They got as far as the hotel lobby and had started down the corridor that wound between the two hotel ballrooms, the larger one which they had used for Opening Ceremonies and the smaller one across the hallway where the gamers had been ensconced, when Luke Barnes, the erstwhile Night Manager but now by default the Duty Manager for the entire resort, caught up with them. He looked like hell; clearly he’d had less sleep than Andie Mae, his eyes were bloodshot, and his blond hair was standing on end in a way that made him look endearingly like the Scarecrow from the Wizard of Oz movie. He had two companions in tow, a bearded and bespectacled academic–looking type and an older man wearing a peaked hat and a jacket with gold braid on the sleeves.
“I need to talk to you,” Luke said. “About several things, really. This is Dr Cohen, and this is Captain William Lindstrom, he’s senior flight crew for Enterprise Airlines…”
Dave shook his head in disbelief. “Enterprise. Airlines. Who’d have thunk it.”
“We’re quite conveniently situated for one of the smaller regional airports,” Luke said, a shade defensively, “and the crews – ”
“Never mind, don’t take it personally,” Andie Mae said. “What’s the problem?”
Luke actually stared at her open–mouthed for a moment. The man introduced as Dr Cohen stepped forward.
“If I may,” he said. “You do realize, of course, that there is a reasonably sizeable contingent of guests at this hotel right now who are not part of your particular group, and who are very much in a bad way. I mean, some of them had plans for this morning – which were understandably made rather untenable when they realized that there was little out there but outer space. I’ve had to supply sedatives to one older woman who almost had a stroke when she made the mistake of asking one of your more ordinary–looking attendees in the corridor what was going on and was gleefully informed that she was on a journey to the Moon, quite literally, and most emphatically without her permission and against her will….”
“I’ve moved some of these people into a dedicated set of rooms on a single upper floor in Tower 3,” Luke said. “They will have to be kept calm and probably sequestered…”
“And yeah, quite understandably, probably sedated,” Dave murmured. “And there will be some of our gang who will have trouble with this too and may end up in your ward. I’m really sorry about this, Doctor, it was not of our doing.”
“I realize that,” the doctor said, “but you’re kind of in the hot seat, I am told, and you’re the ones at whom the finger points right now. For the time being I have a certain amount of the relevant medications which may become necessary – but I have no idea how long this whole thing is supposed to go on for, or if it has a planned conclusion of any sort that would make me feel a little more sanguine about our surviving the experience. And when I run out of supplies…”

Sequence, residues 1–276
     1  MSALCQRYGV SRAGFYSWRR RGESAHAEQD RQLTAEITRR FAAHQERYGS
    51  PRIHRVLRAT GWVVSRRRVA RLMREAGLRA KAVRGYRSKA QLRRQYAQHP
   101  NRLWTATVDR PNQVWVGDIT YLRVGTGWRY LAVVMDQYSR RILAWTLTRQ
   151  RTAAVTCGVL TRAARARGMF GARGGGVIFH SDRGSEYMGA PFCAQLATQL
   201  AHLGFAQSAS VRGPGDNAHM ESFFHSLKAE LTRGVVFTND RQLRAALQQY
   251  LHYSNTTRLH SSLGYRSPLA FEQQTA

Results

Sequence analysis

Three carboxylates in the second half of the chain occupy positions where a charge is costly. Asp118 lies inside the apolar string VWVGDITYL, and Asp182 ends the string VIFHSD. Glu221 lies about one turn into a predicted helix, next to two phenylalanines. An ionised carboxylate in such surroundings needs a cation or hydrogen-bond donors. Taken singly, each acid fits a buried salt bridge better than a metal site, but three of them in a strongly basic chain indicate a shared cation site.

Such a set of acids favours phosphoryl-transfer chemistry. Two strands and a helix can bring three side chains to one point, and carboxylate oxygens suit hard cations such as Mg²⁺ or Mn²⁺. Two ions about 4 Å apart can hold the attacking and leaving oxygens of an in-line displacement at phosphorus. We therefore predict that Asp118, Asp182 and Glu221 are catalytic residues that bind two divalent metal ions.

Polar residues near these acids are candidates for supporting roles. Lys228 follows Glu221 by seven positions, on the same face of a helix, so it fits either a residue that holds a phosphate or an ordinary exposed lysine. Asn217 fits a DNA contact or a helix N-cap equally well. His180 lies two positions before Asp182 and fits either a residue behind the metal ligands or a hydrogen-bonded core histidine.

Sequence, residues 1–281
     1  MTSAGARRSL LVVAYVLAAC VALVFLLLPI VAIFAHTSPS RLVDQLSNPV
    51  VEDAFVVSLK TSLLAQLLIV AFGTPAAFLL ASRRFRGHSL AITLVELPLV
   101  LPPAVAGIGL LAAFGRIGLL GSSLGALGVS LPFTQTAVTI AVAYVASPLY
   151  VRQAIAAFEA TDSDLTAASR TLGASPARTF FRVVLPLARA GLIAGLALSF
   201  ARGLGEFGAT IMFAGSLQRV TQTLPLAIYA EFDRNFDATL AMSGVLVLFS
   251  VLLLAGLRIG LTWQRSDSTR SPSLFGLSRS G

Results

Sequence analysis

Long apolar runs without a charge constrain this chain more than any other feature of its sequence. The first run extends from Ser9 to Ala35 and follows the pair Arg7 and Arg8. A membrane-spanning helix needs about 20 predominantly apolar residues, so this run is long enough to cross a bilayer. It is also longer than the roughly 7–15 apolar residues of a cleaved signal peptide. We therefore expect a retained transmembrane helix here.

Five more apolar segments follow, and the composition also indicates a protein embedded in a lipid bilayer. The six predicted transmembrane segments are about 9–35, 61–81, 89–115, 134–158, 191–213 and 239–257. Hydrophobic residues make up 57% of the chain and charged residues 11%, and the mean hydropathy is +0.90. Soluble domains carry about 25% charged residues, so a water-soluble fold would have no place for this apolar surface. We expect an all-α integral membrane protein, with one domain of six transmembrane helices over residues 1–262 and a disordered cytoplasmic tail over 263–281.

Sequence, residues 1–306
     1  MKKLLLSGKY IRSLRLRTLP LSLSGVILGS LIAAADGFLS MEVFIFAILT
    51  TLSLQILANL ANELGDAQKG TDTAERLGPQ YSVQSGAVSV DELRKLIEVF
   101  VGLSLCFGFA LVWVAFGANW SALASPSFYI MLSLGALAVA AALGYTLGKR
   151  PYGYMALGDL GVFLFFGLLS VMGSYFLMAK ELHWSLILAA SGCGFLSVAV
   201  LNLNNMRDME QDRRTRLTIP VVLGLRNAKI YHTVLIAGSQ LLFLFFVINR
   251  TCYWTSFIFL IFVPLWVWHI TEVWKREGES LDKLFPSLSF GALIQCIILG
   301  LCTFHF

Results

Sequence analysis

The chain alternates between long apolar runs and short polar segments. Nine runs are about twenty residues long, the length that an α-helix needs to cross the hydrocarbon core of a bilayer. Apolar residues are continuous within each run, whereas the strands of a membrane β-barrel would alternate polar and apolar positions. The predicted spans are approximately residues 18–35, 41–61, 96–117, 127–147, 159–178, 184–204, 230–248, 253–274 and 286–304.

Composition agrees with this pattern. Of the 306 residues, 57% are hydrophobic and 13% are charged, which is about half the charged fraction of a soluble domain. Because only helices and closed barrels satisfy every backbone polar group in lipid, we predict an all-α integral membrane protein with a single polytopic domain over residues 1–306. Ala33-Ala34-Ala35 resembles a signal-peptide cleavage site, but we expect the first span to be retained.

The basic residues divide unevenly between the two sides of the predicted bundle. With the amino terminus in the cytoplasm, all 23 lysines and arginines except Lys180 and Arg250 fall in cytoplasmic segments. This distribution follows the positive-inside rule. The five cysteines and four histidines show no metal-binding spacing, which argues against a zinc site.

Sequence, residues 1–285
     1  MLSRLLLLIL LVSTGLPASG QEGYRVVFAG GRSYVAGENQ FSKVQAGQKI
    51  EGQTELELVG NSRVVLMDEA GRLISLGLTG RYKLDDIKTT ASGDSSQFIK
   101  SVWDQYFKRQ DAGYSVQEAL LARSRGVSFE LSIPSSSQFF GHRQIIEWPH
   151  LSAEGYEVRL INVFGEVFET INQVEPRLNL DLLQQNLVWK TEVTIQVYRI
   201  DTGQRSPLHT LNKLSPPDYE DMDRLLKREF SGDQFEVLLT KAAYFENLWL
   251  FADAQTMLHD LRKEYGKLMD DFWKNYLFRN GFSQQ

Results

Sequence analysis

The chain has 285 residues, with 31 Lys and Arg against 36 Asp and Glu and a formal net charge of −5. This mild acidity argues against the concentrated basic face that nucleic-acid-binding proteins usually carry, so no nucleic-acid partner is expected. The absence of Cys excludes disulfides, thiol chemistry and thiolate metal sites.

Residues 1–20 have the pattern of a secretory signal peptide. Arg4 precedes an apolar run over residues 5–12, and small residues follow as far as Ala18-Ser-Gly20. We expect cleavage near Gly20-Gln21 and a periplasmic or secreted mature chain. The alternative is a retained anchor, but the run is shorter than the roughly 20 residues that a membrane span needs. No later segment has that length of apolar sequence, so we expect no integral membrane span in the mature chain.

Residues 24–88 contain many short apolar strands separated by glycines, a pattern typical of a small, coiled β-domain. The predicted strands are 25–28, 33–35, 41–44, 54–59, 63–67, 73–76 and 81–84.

“And speaking of those,” Luke said, “we were due a delivery of fresh foodstuffs for the kitchens for both restaurants this morning – and that, fairly obviously, isn’t going to happen now, is it? We have a relatively limited food supply, given the number of people at the hotel right now, and I am not at all sure about our drinking water…”
“May I be of any assistance?”
“Actually,” Andie Mae said sweetly, turning to Boss, who had just stepped up to the group, “we were hoping to run into you…”
“We have a problem,” Luke blurted, staring at the silver man. “Actually, more than one problem.”
“We’re people,” Dave said. “We need to eat.”
“And I need access to medical supplies,” Dr. Cohen said.
“We can deal with these things. Come with me.”
They all obediently followed him to where a dark rectangular object stood against the far wall of the hallway. It had a square opening at about waist level, and a mysterious light source providing a warm orange–tinged glow to the interior, highlighting a silvery platform in the middle of it which looked rather like a microwave turntable. An array of blinking lights twinkled beside this opening. Dave stepped forward and examined the thing thoroughly, and then turned back to Boss, frowning.
“Okay,” he said, “I’ll bite. What is it?”
“It is…” Boss began.
“Hi!” Xander said brightly, stepping around the airline captain’s side and pushing forward to stand beside Dave. “I’ve got something to tell you, but first – er – what…?”
“It is something that I have seen referred to in the context of your own history and fiction as a replicator,” Boss said.
“A replicator,” Dave echoed.
“As in, something that replicates something.”
“You mean, like food, maybe. Just like on Star Trek.”
“We have seen something similar on that show. Yes.”
“I’ll do it,” Xander said, grinning broadly. He stepped up to the opening and said, in his best Jean–Luc Picard voice, “Tea. Earl Gray. Hot.”
The opening in the obelisk opaqued for a moment, presenting a perfectly featureless blank surface, and Xander began to turn his head in consternation to ask if it was something that he had done – but then the opening reasserted itself and this time, in the middle of the platform, sat a tall glass cup containing a brown steaming liquid.